To curb such demanding behavior, train him to sit down whenever he wants something. Make him calm down and sit before you serve food, give a chew toy, toss the ball, etc. If he barks at you due to impatience, walk away and do not concede to his demands.

  1. Jumping Up In Excitement:

Dogs usually jump up in excitement as you enter the house. We nurture the dog jumping behavior with equal excitement, laughter, and pats of encouragement. But, when a large breed dog grows up, his jumping behavior can cause injury. In case of small dogs, the behavior can be hurtful when a new baby arrives. The jumping up of dog can be irritating if you are leaving for a meeting and the dog messes up your shirt.

To avoid jumping up of dogs, simply ignore his leaps when you return home. When the dog calms down, pat and hug him for his nice behavior. It will train him to avoid the overexcited behavior.

  1. Anti-Social Behavior:

Anti-social behavior develops when your puppy or dog returns shivering after having an interaction with other dogs, and you hug him instantly to provide protection. This encouraging hug will stimulate him to behave fearfully every time he comes in contact with other people or dogs. There can be other reasons for a shivering dog, so understand the cause before you respond.

To avoid anti-social behavior, encourage your dog for interacting with other dogs. Give him treats or a pat on the back every time he interacts and plays with other pets in the park. This will boost his confidence to make new friends everywhere he goes.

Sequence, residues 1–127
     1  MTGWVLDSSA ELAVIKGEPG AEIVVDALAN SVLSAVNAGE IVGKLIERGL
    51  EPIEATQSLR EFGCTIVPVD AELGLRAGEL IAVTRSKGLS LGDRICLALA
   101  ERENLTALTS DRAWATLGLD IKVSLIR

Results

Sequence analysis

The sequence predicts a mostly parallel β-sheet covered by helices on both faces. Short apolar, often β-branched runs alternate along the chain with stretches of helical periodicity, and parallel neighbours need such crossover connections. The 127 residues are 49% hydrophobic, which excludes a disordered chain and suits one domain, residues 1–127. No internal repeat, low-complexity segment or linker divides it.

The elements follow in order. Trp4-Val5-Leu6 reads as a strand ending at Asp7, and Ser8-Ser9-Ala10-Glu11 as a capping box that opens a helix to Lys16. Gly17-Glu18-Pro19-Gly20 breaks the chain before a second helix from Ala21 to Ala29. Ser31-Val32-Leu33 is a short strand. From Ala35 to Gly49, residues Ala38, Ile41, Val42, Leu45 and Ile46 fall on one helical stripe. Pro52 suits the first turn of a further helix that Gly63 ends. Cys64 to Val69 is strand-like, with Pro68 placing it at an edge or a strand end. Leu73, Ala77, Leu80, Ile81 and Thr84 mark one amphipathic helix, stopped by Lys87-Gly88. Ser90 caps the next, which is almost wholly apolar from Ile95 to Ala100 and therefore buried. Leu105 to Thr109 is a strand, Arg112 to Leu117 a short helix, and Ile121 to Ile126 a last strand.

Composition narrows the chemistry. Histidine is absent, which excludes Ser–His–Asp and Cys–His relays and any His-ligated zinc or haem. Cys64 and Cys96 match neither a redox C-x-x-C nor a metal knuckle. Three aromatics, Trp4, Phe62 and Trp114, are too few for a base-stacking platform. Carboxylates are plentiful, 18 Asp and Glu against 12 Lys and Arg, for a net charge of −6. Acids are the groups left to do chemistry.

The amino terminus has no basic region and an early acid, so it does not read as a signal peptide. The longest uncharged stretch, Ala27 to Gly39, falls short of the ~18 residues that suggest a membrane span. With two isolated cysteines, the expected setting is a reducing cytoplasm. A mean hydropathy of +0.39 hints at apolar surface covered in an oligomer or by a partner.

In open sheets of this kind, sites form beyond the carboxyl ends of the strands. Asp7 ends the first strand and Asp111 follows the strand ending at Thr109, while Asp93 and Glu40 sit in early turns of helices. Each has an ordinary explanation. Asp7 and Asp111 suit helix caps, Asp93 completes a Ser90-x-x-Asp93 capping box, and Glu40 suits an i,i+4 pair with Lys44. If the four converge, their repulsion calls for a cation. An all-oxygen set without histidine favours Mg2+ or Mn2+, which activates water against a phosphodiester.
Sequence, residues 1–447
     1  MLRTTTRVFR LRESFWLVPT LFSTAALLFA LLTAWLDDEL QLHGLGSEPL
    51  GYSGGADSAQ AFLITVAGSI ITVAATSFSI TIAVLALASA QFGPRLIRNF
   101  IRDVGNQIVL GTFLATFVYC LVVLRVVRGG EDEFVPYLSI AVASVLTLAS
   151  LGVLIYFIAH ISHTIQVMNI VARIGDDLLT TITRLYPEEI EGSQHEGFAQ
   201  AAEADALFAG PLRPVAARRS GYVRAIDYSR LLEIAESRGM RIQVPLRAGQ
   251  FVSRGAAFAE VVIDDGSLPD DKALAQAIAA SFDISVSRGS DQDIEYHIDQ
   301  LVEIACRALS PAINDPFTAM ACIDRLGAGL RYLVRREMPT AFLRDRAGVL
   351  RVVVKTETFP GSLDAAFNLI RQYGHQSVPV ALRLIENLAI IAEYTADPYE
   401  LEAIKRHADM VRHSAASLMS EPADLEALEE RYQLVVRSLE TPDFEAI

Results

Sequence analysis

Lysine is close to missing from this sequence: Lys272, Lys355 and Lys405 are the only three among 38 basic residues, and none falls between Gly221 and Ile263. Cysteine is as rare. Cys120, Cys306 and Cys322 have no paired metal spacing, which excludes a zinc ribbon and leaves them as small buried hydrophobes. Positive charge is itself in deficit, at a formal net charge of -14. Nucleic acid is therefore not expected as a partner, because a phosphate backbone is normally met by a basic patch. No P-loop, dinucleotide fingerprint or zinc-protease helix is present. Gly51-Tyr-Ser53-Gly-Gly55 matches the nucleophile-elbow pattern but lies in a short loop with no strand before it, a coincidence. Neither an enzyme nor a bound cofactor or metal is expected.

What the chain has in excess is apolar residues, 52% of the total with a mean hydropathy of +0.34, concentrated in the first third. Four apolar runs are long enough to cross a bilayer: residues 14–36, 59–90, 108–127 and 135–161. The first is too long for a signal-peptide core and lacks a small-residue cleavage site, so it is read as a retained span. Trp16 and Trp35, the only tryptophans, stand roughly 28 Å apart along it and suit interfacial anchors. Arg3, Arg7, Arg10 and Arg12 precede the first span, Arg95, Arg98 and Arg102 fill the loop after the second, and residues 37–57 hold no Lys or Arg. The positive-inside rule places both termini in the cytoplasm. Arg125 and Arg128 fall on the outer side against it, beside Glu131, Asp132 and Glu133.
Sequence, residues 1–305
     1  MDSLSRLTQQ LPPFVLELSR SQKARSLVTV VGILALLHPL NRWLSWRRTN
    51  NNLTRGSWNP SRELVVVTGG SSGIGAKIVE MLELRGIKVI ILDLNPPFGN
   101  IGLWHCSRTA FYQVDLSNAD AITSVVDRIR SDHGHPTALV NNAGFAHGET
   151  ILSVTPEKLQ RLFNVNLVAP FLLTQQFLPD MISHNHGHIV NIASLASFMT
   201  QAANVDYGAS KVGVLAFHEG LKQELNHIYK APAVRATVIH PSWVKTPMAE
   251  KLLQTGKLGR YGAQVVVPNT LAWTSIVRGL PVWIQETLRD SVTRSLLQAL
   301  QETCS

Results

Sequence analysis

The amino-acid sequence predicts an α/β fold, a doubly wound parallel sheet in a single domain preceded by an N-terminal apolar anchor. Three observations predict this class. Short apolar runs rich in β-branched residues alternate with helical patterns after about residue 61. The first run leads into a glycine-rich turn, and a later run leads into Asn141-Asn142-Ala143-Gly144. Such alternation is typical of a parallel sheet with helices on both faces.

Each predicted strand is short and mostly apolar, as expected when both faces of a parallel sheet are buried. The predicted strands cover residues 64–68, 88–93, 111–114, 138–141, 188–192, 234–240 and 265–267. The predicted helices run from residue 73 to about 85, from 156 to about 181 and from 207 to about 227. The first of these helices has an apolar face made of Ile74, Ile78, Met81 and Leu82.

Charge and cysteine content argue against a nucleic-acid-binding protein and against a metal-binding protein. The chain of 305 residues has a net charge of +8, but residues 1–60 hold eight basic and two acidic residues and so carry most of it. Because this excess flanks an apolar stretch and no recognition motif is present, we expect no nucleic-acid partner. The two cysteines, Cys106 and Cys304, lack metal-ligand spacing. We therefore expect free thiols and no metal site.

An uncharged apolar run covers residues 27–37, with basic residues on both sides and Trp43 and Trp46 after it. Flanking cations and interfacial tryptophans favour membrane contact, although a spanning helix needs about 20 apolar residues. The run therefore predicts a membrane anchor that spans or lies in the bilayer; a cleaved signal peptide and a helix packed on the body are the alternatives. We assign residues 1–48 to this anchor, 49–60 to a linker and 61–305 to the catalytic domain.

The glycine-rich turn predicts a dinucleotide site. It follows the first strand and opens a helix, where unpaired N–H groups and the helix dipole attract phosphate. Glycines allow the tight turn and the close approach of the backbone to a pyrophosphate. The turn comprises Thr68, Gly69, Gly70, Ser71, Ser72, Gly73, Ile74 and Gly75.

1. Pulling at the Leash:

If your dog continuously pulls on the leash as you go for a walk, then it’s a behavior that should be discouraged. Otherwise, the dog will consider the leash around its neck to be a trigger for pulling on it and moving forward. It can be irritating when you want him to sit and wait for you.

You should teach your dog that leash pulling will never work, and he can go forward only when the leash is loose. Don’t walk ahead when the dog pulls on the leash. When he lets the leash loose, reward him for behaving right. Give him treats for walking close to you to encourage the good behavior.

  1. Begging:

It is hard for a puppy owner to resist the begging pooch when he asks for food. However, it becomes a trouble when your dog is an adult, and you have to manage his diet requirements. If he gets obese, putting him on diet food will not be easy as he will continue to beg and you may persist to give in.

It’s best not to share your food with the dog, but give him his specific dog meal to eat. Ignore his begging face and do not feed him a single scrap of food to avoid development of such unwanted behaviors.